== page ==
Because absolutely nothing beats the exhilaration of new leads in your in-box
No-brainer alert: good copy is essential. (Hello.)
That is, it’s essential if you’re trying to grow your brand and get customers. Sounds like you? Ok. But you need more than just good, ‘regular’ copywriting to make people take action. No matter where you are - Perth, Sydney, Melbourne or Mars, you need well-crafted words that communicate to your best audience - the ones you dream of - not the tyre-kickers. Words that don’t just tell people what you can do for them, but words that do it in the most convincing, compelling way. Words that convert, that elicit action and make people take a chance with your brand.
And that is the difference between regular copywriting and conversion copywriting.
“Conversion copywriting elicits an action.”
Whether you want people to stay on the page for longer, sign up, book an appointment, or buy stuff, you’ll need conversion copywriting that focuses on that specific action.
Conversion copywriting involves a lot of experience and thought to get right, but essentially, it’s about choosing and placing words, phrases, bullet points, taglines, content, and more, to achieve that single action.
Here’s a quote from renowned conversion copywriter Joanna Wiebe:
“Conversion copywriting is there to take the best of direct response copywriting, that old-school kind of stuff, and the best of what we know about human decision-making, the best of user experience styles, like we know about designing experiences, and moving people to act using an interface, or just the experience itself.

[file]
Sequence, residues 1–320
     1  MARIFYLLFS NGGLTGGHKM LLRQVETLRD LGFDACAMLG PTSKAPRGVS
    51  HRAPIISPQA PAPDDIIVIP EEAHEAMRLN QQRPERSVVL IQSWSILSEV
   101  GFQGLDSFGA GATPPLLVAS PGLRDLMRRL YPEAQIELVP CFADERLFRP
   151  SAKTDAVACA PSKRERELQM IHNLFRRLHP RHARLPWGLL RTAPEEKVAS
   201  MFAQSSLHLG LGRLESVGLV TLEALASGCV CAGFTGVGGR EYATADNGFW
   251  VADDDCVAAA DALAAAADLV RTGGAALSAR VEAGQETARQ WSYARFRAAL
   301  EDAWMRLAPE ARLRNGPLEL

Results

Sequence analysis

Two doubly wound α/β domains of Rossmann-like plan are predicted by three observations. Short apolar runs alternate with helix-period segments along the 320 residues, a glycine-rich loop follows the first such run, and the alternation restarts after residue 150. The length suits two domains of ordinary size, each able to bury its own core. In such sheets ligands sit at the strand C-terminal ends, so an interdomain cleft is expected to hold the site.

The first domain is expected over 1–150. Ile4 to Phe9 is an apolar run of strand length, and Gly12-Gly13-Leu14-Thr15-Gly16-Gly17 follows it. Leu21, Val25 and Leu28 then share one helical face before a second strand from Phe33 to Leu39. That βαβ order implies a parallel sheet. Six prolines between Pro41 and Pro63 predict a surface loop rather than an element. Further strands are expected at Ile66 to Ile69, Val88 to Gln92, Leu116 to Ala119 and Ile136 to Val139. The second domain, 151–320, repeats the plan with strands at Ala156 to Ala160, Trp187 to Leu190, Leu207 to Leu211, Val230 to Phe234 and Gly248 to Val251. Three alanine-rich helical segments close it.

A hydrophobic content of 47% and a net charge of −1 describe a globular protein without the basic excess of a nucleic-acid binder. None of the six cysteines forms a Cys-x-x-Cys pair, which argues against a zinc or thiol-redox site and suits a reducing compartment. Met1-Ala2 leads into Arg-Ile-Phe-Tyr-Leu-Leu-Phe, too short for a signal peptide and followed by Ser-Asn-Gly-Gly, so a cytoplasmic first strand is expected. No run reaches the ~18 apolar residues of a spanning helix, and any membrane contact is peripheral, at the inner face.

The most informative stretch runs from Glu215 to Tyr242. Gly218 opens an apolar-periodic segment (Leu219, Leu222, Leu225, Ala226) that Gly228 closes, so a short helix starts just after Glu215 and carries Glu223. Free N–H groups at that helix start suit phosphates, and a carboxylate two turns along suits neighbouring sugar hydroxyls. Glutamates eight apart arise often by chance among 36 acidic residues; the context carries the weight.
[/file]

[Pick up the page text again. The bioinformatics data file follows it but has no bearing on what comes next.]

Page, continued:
All those pieces come together to create what we call conversion copywriting, again where the goal is to get people to act.”
Look, it’s my job to sort this out for you, but to give you the teeniest clue as to what the heck I’m talking about, here are a few of the steps involved:
Research and development - assessing competitors, your brand, voice of customer, what worked in the past
Wire-framing - looking at the hierarchy of your content – what messages are most important?
Editing – and more editing
Exploring and experimenting – seeing what works
UX - Incorporating good user experience
Writing enticing value propositions - which explain how your product/service benefits them and why you’re different to everyone else
SEO – making it appeal to search engines
Tricky things - Using direct response formulas, where required
And writing good, creative, attractive content